Since being declared a “Special Administrative Region” of China in 1997, Hong Kong has its own judiciary and financial systems, and its residents are granted rights not typically found in China. Guangdong borders the territory to the north and the South China Sea to the east, south and west. While Hong Kong is a region, not a country, it has the highest life expectancy in the world, surpassing Japan. Access to good healthcare coupled with the promotion of healthy living for all ages contributes to longevity in the region. Here are eight facts about life expectancy in Hong Kong.
8 Facts About Life Expectancy in Hong Kong
- In 2017, life expectancy in Hong Kong was 81.9 years for men and 87.6 years for women.
- Hong Kong’s population has been aging for the past 20 years. The proportions of persons aged 35-64 and 65 & above increased from 28.2% and 6.2% in 1979 to 47.3% and 16.4% in 2017, respectively. This is due to the high influx of migrants from the mainland in the 1960s and ’70s. However, most districts in Hong Kong are categorized as “age-friendly cities” which promote positive images of older generations. Furthermore, older people often engage in morning exercise on a regular basis even in urban spaces. The districts are mindful of all ages and adjust the lifestyle within the district to allow personal autonomy, despite someone’s age or handicaps.
- Hong Kong’s infant mortality rate is among the lowest in the world. The maternal mortality ratio has also remained low for years, standing at 1.8 per 100,000 registered live births. Globally, the ratio is 211 deaths per 100,000 live births.
- Hong Kong ranks first for “enabling environments,” which facilitates a better quality of life. The streets are safe, and there is easy access to public transportation and people are comfortable enough to walk to all places. The layout of cities “enables” citizens to live healthier lives due to the concentration of active and safe amenities like trails and parks.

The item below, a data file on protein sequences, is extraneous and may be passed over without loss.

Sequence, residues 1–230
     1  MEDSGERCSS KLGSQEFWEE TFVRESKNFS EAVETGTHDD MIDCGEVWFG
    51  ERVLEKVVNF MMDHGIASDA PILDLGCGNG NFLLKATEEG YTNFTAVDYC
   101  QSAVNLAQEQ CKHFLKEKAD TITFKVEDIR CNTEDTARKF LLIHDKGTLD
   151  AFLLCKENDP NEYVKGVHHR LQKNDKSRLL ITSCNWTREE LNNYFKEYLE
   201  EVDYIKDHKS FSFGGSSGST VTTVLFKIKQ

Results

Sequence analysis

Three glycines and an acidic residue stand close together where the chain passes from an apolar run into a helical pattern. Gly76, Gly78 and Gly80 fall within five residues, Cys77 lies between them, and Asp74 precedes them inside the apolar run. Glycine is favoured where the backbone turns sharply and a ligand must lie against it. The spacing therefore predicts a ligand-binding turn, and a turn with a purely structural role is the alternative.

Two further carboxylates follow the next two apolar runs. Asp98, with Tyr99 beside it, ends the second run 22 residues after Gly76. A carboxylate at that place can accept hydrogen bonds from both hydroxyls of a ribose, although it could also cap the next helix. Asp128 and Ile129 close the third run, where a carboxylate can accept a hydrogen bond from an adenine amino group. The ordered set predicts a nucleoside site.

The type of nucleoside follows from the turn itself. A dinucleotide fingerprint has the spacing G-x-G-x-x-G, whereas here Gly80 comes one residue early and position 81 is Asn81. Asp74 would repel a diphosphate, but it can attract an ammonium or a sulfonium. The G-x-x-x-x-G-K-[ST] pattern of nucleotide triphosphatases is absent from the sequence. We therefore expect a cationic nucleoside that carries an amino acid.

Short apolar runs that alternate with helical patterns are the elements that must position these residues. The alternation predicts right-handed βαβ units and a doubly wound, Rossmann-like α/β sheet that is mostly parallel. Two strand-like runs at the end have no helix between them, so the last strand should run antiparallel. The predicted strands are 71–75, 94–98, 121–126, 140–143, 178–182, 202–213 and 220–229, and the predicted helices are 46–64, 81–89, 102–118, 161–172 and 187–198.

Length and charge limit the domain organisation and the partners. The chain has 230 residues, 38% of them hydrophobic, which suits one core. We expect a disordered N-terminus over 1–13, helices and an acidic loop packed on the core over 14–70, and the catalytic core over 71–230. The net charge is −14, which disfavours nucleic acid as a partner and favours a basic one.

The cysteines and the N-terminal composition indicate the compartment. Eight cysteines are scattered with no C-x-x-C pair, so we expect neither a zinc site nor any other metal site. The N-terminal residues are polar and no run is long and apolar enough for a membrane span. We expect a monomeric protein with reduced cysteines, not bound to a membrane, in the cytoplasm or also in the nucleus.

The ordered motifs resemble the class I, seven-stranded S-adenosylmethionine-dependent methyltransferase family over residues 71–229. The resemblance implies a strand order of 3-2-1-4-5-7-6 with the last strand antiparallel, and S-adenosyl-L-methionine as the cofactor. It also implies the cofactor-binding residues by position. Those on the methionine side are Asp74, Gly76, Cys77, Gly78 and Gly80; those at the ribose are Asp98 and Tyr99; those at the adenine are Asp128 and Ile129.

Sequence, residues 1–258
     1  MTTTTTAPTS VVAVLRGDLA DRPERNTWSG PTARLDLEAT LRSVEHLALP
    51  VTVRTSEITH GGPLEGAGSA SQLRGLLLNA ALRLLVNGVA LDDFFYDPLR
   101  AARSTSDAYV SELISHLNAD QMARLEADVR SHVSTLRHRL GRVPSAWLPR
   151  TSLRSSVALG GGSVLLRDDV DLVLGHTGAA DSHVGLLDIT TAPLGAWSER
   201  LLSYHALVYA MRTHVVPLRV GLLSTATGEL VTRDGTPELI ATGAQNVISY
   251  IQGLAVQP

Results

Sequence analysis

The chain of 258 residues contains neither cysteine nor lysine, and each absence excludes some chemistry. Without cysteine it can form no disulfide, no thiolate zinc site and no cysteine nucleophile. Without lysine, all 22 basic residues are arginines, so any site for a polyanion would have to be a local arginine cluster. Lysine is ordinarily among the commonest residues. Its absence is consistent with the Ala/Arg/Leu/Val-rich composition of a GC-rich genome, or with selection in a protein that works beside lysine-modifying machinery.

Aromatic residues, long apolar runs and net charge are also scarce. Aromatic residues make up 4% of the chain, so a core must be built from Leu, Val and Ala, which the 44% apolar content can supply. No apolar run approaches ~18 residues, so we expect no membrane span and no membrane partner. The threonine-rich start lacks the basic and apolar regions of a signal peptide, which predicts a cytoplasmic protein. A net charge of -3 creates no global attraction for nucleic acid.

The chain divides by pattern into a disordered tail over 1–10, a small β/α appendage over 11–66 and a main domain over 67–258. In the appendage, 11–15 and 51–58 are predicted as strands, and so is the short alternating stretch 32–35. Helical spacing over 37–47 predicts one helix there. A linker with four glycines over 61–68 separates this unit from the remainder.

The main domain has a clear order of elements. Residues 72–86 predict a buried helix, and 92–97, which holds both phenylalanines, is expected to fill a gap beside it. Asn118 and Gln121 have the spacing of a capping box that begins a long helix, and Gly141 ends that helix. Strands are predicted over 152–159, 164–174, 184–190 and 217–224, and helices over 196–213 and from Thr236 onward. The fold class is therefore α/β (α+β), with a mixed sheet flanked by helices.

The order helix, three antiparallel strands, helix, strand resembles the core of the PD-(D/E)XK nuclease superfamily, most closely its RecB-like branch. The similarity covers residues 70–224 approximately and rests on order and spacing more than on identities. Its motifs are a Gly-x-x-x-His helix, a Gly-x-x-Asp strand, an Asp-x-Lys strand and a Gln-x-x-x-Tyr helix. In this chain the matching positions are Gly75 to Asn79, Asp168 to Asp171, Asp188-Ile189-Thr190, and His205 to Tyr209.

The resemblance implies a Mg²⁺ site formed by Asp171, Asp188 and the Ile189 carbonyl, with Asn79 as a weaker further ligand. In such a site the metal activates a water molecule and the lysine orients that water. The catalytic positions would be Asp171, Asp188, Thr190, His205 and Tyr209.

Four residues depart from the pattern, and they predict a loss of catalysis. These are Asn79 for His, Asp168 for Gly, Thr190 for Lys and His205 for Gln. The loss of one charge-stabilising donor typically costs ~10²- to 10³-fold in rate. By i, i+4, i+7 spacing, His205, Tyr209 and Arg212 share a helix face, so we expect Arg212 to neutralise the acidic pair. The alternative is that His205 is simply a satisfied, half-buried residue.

- Hong Kong has universal health care for hospital treatment, but it does not have universal primary care. Older residents receive priority for hospital care and most care is paid for from taxation.
- Estimates state that 70% of Hong Kong residents over the age of 70 were born in mainland China and came over in search of better opportunities. Studies indicate that these residents are physically and psychologically stronger than their counterparts remaining on the mainland, so they have more motivation to succeed.
- The Chinese diet is similar to the Mediterranean diet. Meals consist of fish, fruits, vegetables, rice, nut oils and meat chopped up into dishes, rather than eaten as whole portions. This style of cooking is healthier than the traditional “Western diet.”
- It is uncommon in Hong Kong culture to place elderly relatives in retirement homes. Family members generally care for older residents and do not rely on assisted living facilities.
In the early 1960s and ’70s, Hong Kong saw an influx of highly motivated, physically and psychologically strong individuals move to the territory. These individuals contributed to the aging of Hong Kong’s population over the last 20 years, and their healthy and active lifestyles helped them achieve a long life expectancy.
– Anna Brewer